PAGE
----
Photo by Piotr Kwasnik
New Zealand’s Maori Metal Sensation Alien Weaponry will release a strictly limited 7 Inch Vinyl, including the two brand new songs Ahi Kā and Blinded.
The three teenagers are celebrated worldwide as one of the hottest newcomer Metal bands. After releasing the debut album ‘Tū’ in 2018, Alien Weaponry toured Europe, North America, Australia and their home country of New Zealand extensively. They played the biggest festivals around the world and supported the legendary Ministry in the US. In 2019 they’ll go one step further by playing headline tours in the US and Europe and supporting Slayer on their last show in Germany ever.
ALIEN WEAPONRY on the two new songs:
“In 1952, in preparation for a Royal visit by Her Majesty the Queen, the Auckland City Council, in a misguided attempt to beautify the city, evicted the local Ngāti Whātua people from their village at Ōkahu Bay and burned it to the ground.”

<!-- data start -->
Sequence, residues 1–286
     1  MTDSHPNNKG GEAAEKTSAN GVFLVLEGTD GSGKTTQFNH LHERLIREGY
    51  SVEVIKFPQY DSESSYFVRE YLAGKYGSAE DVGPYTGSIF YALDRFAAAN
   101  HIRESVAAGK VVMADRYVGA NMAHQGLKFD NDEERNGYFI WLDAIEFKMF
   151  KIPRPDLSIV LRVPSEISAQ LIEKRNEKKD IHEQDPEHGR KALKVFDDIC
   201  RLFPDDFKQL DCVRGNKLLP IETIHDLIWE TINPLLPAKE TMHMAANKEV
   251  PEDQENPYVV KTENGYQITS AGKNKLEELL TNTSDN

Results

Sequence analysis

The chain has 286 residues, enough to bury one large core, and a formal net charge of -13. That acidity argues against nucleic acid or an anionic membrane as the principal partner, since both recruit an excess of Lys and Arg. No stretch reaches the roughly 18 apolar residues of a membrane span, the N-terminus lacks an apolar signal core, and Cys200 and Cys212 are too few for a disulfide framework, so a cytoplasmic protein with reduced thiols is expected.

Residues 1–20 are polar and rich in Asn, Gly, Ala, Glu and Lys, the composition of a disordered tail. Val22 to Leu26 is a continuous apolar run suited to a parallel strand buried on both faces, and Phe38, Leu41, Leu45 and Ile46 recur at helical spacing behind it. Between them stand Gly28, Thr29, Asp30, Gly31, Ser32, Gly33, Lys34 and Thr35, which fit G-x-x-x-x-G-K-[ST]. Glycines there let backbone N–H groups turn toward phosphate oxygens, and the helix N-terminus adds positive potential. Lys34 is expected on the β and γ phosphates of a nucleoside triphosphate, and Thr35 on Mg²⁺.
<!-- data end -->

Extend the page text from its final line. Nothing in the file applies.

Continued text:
“Relationships are difficult to understand at the best of times but when you are 16 and on tour all over the world these things are bound to get confusing and hard to reconcile. Blinded is about a very personal trip down this rabbit hole”
“We have had a very busy touring schedule ever since the release of ‘Tū’ and we are stoked we managed to record two new tracks in the short break we had back home in New Zealand. We can’t wait to play the new songs live!“
The new 7 Inch is the first new material since the debut album and is strictly limited to 400 pieces.
About Ahi Ka: “Ahi Kā was inspired by the Auckland city council’s decision to burn down what was considered to be the unsightly indigenous Maori village of Okahu Bay in advance of Queen Elizabeth II’s 1953 visit,” Alien Weaponry’s singer-guitarist Lewis de Jong says of the track which, like many of the band’s songs, is sung in New Zealand’s indigenous language of Te Reo Māori. “The eviction sparked a 40-year battle for the native Ngati Whatua to reclaim their land, including protests and battles with the police. Amid worldwide criticism, a small portion of the original land was ultimately returned with an apology and some compensation.”